Theories and Practices of Sustainable Development

Students are expected to acquire:
- a clear understanding of issues raised by the sustainability challenge;
- the capacity to discuss the limits and potential of different approaches to sustainability (e.g. strong versus weak sustainability; efficiency versus resilience);
- an understanding of trade offs, complementarities and synergies among diverse dimensions of sustainability (economic, environmental and social) in general and in applied cases;
- a capacity to discuss alternative decision-making criteria that are applied in a sustainability context;
- a clear awareness of institutional challenges to the implementation of sustainable development as an organizing principle of public-policy, corporate, territorial or consumer decision-making, as well as the available methods to deal with these challenges.

Syllabus:
1. What is sustainable development? Scale and sustainability of an economy. Institutions, public policies and ecological footprint. Development as freedom. The dilemma of growth.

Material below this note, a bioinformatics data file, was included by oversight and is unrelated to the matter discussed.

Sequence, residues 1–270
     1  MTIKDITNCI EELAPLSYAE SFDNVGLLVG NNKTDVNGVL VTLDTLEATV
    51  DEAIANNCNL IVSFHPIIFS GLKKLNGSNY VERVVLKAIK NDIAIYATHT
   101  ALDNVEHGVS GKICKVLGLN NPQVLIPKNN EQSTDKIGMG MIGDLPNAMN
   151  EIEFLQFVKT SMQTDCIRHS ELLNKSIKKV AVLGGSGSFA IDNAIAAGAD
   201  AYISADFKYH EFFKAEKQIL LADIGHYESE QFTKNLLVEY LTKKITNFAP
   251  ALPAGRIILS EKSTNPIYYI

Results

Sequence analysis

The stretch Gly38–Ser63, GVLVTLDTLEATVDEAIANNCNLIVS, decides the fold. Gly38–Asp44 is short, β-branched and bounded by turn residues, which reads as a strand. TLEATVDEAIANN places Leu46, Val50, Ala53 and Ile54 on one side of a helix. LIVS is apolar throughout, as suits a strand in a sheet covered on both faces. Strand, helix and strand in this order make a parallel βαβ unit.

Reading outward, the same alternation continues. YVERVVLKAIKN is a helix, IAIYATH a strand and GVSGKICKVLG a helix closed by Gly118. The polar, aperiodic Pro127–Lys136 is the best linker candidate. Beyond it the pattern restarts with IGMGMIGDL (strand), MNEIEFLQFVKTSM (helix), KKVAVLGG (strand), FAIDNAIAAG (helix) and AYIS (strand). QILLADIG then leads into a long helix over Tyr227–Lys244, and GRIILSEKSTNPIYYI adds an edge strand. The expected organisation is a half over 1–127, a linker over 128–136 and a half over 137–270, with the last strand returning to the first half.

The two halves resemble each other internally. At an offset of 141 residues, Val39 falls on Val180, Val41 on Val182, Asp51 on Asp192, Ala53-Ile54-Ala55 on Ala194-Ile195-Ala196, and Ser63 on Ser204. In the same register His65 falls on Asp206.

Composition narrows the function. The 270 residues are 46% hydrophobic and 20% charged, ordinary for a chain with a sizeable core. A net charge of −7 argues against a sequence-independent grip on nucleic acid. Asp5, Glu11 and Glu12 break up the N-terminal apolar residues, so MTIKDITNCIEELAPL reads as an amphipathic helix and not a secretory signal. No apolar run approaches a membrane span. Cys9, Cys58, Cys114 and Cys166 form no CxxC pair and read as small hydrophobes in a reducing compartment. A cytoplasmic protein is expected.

2. Approaches to sustainability. Efficiency and sustainability. Substitution of artificial capital for natural capital. Decoupling and its myths.
3. Dimensions of sustainability: economic, environmental and social. Trade offs and complementarity among dimensions.
4. Decision-making criteria for sustainability. Market failure, public intervention and decisionmaking methods: impact, cost-benefit and multi-criteria analyses. Risk and uncertainty.
5. Ecosystems and human wellbeing. Sustainability and ecosystem services. Production, valuation and value-capture of ecosystem services.
6. Integrating sustainable development (SD) in public and private policies. The long-term governance of SD and its integration in sectorial policies, physical-planning, corporate
and consumer decisions.